The important thing to take away is that your content needs to be detail, concise, and high quality.  Fluff and long-windedness won’t add to your content, and will only bore readers.   There is a way to be succinct when writing in long form, it just takes practice to get good at it.

[Tweet “Fluff and long-windedness won’t add to your content, and will only bore your readers.”]

Leave Nothing on The Table

Why You Should Consider Long Form Blogging | BlissandFaith.comWhen you write in long form, you leave nothing on the table.  It helps to increase your engagement, conversion, and builds authority. When you produce content that people can learn from and appreciate, then you’ve accomplished the goal of long form blogging. Don’t produce content just to produce it, produce epic content that people have no choice but to share and engage you on. You build trust when you’re seen as a valuable resource to others. Long form blogging shows your readers that you’ve done the work to supply them with the best, most accurate, and helpful content that you can produce. At the end of the day, people want to know that effort was put into what their reading and long form content shows them just that.


 What does you think about long form blogging? – Do you feel your readership could benefit from it?


Tenns Reid

I'm Tenns, the blogger, graphic designer, and business + content creation strategists behind Bliss & Faith. This is my little corner of the web that I've dedicated to helping fellow bloggers and creatives reach their goals. I'm so glad you dropped by and hope that you that you find valuable resources here to help you achieve your dreams!

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  1. You are so right. As a reader, I hate going to blog post and feeling as though a lot of details were left out. There is a major hair blog that is notorious for short posts that doesn’t cover topics in its entirety. As a blogger, I know that it is important and my longest post are ranked higher than others. I am notorious for stepping away from my blog when I don’t think I can put out a quality product. I don’t want to post for the sake of posting and keeping my position with Google. I’ve learned that if you have great content with good conversions, Google will still position you higher and your views won’t experience a dramatic drop.

  2. Grace says:

    Such an interesting post! I think I’m going to try long form content now, it seems like a style that could suit me quite well.
    Ps. I don’t mean to be nit-picky, but I just thought you should know, given it is one of your main points, that you don’t ‘use discern’, it is a verb, you have to discern something. 🙂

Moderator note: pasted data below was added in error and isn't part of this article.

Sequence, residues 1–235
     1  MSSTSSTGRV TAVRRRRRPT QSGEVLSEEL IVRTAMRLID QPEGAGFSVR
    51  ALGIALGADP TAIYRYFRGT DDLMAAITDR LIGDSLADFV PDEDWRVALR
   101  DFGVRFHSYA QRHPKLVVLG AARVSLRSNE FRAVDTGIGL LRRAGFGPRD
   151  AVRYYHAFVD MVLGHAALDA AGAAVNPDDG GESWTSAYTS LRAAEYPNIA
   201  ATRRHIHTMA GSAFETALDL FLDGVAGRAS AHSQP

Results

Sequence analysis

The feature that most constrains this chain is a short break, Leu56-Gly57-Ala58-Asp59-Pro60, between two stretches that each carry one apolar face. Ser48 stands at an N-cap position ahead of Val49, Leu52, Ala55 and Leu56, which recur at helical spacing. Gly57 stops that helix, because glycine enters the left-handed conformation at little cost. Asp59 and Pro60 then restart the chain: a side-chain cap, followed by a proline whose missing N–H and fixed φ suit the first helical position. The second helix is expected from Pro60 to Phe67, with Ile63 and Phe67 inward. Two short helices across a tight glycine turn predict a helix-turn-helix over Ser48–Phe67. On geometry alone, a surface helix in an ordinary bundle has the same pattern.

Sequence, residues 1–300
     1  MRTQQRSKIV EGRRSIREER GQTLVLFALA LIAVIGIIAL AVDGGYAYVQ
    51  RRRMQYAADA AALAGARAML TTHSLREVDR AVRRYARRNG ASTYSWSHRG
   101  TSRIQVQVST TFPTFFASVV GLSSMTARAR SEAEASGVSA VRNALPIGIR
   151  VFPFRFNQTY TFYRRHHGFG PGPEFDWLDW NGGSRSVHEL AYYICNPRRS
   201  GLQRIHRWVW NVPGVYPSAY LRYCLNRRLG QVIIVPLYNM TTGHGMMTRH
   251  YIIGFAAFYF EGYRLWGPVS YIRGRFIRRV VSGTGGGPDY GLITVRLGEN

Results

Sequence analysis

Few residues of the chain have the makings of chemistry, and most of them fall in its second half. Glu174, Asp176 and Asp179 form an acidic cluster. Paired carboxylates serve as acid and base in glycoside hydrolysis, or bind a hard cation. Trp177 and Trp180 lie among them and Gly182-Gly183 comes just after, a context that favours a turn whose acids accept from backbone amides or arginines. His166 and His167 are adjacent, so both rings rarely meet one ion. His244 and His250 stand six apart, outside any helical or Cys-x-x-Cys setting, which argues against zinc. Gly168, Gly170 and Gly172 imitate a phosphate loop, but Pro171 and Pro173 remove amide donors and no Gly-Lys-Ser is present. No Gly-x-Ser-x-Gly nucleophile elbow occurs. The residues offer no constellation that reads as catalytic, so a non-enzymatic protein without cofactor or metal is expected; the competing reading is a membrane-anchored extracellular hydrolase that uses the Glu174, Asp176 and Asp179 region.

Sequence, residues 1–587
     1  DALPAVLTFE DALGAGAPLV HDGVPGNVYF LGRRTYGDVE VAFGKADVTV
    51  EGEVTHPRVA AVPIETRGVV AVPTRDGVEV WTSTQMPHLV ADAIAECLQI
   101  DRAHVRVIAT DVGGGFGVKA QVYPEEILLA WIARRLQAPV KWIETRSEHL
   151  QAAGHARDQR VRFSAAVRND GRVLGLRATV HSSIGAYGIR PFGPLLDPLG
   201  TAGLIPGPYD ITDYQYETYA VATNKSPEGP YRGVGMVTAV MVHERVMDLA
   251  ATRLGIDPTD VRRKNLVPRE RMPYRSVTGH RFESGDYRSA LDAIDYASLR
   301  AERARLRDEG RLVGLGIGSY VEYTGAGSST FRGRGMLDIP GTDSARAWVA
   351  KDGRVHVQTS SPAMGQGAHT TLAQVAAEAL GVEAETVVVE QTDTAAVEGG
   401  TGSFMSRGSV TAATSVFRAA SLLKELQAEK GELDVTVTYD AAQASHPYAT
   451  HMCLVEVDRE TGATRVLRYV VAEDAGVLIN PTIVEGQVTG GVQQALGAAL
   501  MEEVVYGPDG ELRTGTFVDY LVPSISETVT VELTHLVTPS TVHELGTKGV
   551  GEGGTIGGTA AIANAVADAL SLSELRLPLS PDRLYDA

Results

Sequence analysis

3. Great post! When I started blogging I was reading a lot of advice about writing shorter blog posts. But recently I have been thinking about the same things as your posts suggests. I, myself tend to go back over ad over again to epic posts that I have found on line and that have been extremely helpful.
    Definitely something to work on and explore for my blog!

    Thank you,

  4. This is definitely something to consider and based upon your niche it may be appropriate. However, I am writing two blogs so having long form on both wouldn’t work for me – great share. #MommyMondayHop

  5. This is a great point of view. I struggle with this it just seems people are not interested in sitting and reading one piece of writing for any length of time. I look at my longer posts and think: no one will read through this whole thing, but then I look at my shorter posts and think: this content is not deep enough. SUCH a balancing act! I never thought of the fact that the reader might feel let down if it is a short post and they skim but you are so right. Probably better to write exactly what you want to, long or short, and let the reader decide what points will be useful to them. Found your post on the #mommymonday link up. Thank you for sharing!

  6. Thank you! I see so many articles about how short blog posts are the best, preferably between 300 and 500 words. I have a nearly impossible time of trying to stay below 500 words. That’s just not me.

    1. You’re very welcome! I’m so glad you enjoyed the post. I, too have seen a plethora of articles and posts about shorter posts over time. It’s not me either and I always enjoy a longer post, whether I’m reading or writing it.